Del the Funky Homosapien - I Wish My Brother George CD
|Del's debut album, ''I Wish My Brother George Was Here,'' has been heralded as a benchmark for underground hip-hop, bolstered by P-Funk inspired beats produced by Ice Cube, (Del's cousin) and featuring the classic ''Dr. Bombay'' and ''Mistadobalina.'' (#9 on the 1992 Hot Rap Tracks chart.) Equal parts clever, thought-provoking, and goofy, I Wish My Brother George Was Here has been credited with injecting some humor and irreverence into the otherwise dour West Coast hip-hop culture of the 90s. Now that the Elektra original has been out of print for a while, it's a relief to see this back in print! Extended package includes a fold-out poster of the original LP cover artwork.|
|Produced by Del, Boogiemen, Ice Cube and DJ Pooh.|
|1.||What is a Booty|
|3.||The Wacky World of rapid Transit|
|4.||Pissin' On Your Steps|
|5.||Dark Skin Girls|
|6.||Money For Sex|
|11.||Sleepin' On My Couch|
|12.||Hoodz Come in Dozens|
|13.||Same Ol' thing|
|14.||Ya Lil' Crumbsnatchers|
It's D-E-L Tha Funkee Homosapien to the rescue
, January 2, 2009
- See all my reviews
Like many hip-hop masterpieces, I too slept on this far too long. Del's collaboration with Dan The Automator and Kid Koala, "Deltron 3030", was one of my favorite rap albums in the past 10 years. If I hadn't discovered that masterpiece, I would have never discovered "I Wish My Brother George Was Here". The stark contrast between the two records is phenomenal, which merits the critical acclaim both albums received. Del may be the cousin to hip-hop pioneer Ice Cube (executive producer), but the two are quite dissimilar. Ice Cube helped to popularize (not invent) west coast gangsta rap, while Del was laying the groundwork for California's up-and-coming underground rap scene. Besides, Del was right along side of Ice Cube in the studio tweaking it to perfection. This debut is undoubtedly derived from the Parliament-Funkadelic production popularized by NWA, but was spun in exciting new directions. Del can be silly, humorous, boisterous and messy, without falling prey to the violent, and rigid workings of NWA.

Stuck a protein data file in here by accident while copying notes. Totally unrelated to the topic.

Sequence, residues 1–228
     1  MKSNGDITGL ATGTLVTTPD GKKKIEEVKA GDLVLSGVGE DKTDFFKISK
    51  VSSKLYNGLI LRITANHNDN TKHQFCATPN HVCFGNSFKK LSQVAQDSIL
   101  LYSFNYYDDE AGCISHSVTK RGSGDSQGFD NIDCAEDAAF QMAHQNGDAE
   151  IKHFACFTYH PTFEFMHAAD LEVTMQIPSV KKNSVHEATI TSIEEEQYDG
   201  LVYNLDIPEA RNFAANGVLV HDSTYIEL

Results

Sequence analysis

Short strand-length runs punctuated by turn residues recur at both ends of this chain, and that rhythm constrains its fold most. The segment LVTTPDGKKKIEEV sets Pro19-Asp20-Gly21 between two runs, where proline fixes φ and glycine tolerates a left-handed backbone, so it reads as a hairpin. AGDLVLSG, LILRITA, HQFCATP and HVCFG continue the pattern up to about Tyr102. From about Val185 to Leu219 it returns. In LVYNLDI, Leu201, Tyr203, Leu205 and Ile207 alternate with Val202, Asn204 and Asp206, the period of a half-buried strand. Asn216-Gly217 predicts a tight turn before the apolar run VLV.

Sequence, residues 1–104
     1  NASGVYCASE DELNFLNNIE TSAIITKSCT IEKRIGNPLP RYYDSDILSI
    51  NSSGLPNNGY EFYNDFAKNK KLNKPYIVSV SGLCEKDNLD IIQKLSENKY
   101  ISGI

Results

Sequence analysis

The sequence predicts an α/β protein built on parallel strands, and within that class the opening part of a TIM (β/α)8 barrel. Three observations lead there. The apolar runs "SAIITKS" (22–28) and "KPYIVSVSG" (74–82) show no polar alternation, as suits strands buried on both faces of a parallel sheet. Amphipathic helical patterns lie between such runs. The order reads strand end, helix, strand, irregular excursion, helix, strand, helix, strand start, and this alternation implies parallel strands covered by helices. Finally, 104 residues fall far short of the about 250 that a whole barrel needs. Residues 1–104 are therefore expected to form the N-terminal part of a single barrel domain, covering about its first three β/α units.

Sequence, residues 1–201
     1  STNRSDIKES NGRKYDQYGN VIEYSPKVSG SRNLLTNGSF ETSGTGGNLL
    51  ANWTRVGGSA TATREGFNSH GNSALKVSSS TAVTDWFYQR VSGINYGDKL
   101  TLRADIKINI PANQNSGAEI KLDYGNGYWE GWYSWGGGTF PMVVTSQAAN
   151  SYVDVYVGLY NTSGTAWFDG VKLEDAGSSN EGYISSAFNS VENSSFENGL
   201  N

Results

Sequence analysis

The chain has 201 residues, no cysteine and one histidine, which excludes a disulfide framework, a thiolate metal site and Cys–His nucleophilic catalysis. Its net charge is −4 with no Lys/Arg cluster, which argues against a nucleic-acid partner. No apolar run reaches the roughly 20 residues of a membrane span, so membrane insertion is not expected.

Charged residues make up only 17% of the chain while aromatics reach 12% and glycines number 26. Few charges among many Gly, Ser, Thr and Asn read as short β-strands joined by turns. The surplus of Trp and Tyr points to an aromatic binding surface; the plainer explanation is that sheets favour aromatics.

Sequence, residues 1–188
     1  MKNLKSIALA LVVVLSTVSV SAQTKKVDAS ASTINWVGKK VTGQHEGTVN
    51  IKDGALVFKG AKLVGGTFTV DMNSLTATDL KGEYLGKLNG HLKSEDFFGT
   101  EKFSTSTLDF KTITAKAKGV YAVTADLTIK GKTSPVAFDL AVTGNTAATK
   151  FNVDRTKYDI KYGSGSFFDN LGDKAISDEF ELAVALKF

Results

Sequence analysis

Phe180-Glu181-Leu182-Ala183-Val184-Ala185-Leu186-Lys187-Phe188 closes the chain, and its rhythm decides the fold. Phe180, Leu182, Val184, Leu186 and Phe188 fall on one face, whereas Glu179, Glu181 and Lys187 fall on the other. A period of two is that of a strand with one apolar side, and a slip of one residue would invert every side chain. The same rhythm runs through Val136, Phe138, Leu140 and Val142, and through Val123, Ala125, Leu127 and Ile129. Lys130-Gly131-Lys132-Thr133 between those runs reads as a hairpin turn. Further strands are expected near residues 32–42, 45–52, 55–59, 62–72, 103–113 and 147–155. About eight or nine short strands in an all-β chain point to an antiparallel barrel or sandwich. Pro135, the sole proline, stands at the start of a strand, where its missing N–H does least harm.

Del's view of city life is more laid back and observatory than that of NWA. He speaks out against the city bus system on "The Wacky World of Rapid Transit" in a humorous, but earnest way - "When oh when is the bus gonna come / Well here comes a pack of about 14 / Lookin' real mean with hoodies and jeans / And bad attitudes and I wasn't in the mood / For no head on collision with the hoods / Try to use my transfer but it's no good". "Mistadobalina" is also one of my favorites. But the one that sank it's hook into me first was "Pi**in' on Your Steps", produced by Boogiemen. I like this lyric quite a bit - "Ice is cool, but I can't stand Vanilla / because he takes a style and tries to mock it / ain't nothin' personal, G / but I'm kinda inta chocolate / it's all about the black / and it's like that / and I'm so laid back cause I smoked a phat sack". Up next is "Dark Skin Girls", which has a chorus that will definitely catch your attention (and may ruffle a few feathers) - "Dark skin girls are better than light skin, light skin girls ain't better than dark skin". Now, I think it's very clear that this is Del's preference. Especially when you consider Ice Cube's commentary in the background (disagreeing with Del), and this lyric - "this don't apply to all the girls with light skin / just the ones with their heads up their rear end". Whatever. I'm white and I "prefer" white women; nobody should be surprised if a black man prefers a black woman (apparently some are). A couple of other outstanding cuts would be "Dr. Bombay" and "Sleepin' on My Couch". The latter features some funny but very true thoughts and feelings of your "friend" crashing on your couch night after night - "Maybe this was just my upbringing perhaps / but I was taught that I shouldn't take seven day naps / at other brothas' cribs like I don't have a home / brothas' on my couch so much there's like foam / coming out the seams, and a pair of jeans is missing from my closet".
Del brings a lot to the table for his seminal debut. Everybody calls it a classic for a reason. Because it's solid, original and unique. Del isn't your average high-strung emcee to come out of the golden age of west coast hip-hop. He comes of as smooth, laid back, and intelligent. Del's vivacious personality makes this one a keeper.